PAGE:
After Jesus died on the cross, the Roman centurian thrust a sword into Jesus’ side and “at once blood and water came out” (Jn. 19:34). That image of the blood flowing from Jesus’ pierced side has come to symbolize the greater love he has for us. That burning love is at the center of the devotion to the Sacred Heart. That devotion developed as the Church meditated on the love of Jesus and gradually came to understand it better. The saint most closely associated with devotion to the Sacred Heart is St. Margaret Mary Alacoque (1647-1690). Through Margaret Mary, Jesus requested that we honor his Sacred Heart by fervently receiving Holy Communion, especially on the First Friday of the month, and offering reparation for sins. Jesus gave to Margaret Mary 12 promises for all those devoted to his Sacred Heart. The booklet includes morning and evening prayers, the Novena to the Sacred Heart, Prayer of Trust, Prayer for the Church, Act of Reparation to the Most Sacred Heart of Jesus, Prayer for Healing, Litany to the Sacred Heart of Jesus, and more. Also includes the Twelve Promises of Jesus to those who honor his most Sacred Heart and the Act of Consecration of the Family to the Sacred Heart.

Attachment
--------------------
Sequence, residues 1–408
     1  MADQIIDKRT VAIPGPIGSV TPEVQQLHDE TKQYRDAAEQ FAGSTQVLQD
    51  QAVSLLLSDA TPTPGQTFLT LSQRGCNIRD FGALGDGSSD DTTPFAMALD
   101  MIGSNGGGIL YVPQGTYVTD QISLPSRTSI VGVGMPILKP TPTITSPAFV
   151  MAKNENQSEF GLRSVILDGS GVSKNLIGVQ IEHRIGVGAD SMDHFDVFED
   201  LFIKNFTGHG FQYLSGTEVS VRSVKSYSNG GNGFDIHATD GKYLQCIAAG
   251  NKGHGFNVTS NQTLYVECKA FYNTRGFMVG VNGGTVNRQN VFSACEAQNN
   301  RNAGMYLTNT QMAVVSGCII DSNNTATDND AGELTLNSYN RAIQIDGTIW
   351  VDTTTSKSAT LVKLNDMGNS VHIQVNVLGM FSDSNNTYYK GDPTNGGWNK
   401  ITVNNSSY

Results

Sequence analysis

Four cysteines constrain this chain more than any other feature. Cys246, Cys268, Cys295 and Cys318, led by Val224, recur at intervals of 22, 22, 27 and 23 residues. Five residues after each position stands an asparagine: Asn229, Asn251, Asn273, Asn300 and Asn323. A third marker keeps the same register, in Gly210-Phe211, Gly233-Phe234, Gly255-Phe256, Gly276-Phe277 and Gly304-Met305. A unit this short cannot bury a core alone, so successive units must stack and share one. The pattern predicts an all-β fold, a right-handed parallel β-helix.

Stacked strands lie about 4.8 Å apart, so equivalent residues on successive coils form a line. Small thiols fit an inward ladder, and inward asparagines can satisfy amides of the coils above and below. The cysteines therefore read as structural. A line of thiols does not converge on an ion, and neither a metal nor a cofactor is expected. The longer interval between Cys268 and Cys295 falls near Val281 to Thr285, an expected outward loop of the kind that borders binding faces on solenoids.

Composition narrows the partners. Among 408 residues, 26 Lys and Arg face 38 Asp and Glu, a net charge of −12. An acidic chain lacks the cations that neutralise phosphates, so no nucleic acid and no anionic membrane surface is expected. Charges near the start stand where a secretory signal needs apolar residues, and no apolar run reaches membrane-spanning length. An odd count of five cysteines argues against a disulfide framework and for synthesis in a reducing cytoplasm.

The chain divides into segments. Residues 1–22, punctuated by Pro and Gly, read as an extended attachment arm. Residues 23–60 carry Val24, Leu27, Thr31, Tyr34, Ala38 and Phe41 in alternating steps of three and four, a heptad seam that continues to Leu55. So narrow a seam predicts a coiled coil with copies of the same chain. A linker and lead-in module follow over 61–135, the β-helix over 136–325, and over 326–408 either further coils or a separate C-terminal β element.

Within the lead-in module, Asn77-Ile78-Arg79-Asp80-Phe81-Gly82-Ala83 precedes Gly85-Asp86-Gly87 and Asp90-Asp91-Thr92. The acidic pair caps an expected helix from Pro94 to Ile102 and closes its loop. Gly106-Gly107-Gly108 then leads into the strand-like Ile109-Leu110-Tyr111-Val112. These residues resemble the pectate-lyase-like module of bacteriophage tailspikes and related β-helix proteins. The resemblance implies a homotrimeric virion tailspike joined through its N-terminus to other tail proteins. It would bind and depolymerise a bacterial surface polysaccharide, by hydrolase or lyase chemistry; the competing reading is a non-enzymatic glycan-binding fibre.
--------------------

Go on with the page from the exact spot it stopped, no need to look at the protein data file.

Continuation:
The tradition of praying novenas has its roots in the earliest days of the Church. Christians have always prayed for various needs, trusting that God both hears and answers prayer. The word “novena” derives from the Latin term novem, meaning nine. In a novena we pray a prayer for nine days. “But,” we might wonder, “doesn’t God know our needs before we event ask? Isn’t praying once for something enough?” Although we believe in God’s love for us, something we need to remind ourselves of this. Although we know we are held in God’s hands and that God will not let go, sometimes we need reassurance. What may appear to be mere repetition in a novena is really a continual act of faith and hope in our loving God.
Just as we pray for each other while here on earth, those who have gone before us and are united with God in heaven can pray for us and intercede for us as well. We use the term “communion of saints” to refer to this exchange of spiritual help among the members of the Church on earth, those who have died and are being purified, and the saints in heaven. Devotion to the saints can help us witness to our faith and encourage us in our commitment to lead lives of holiness and service as they did.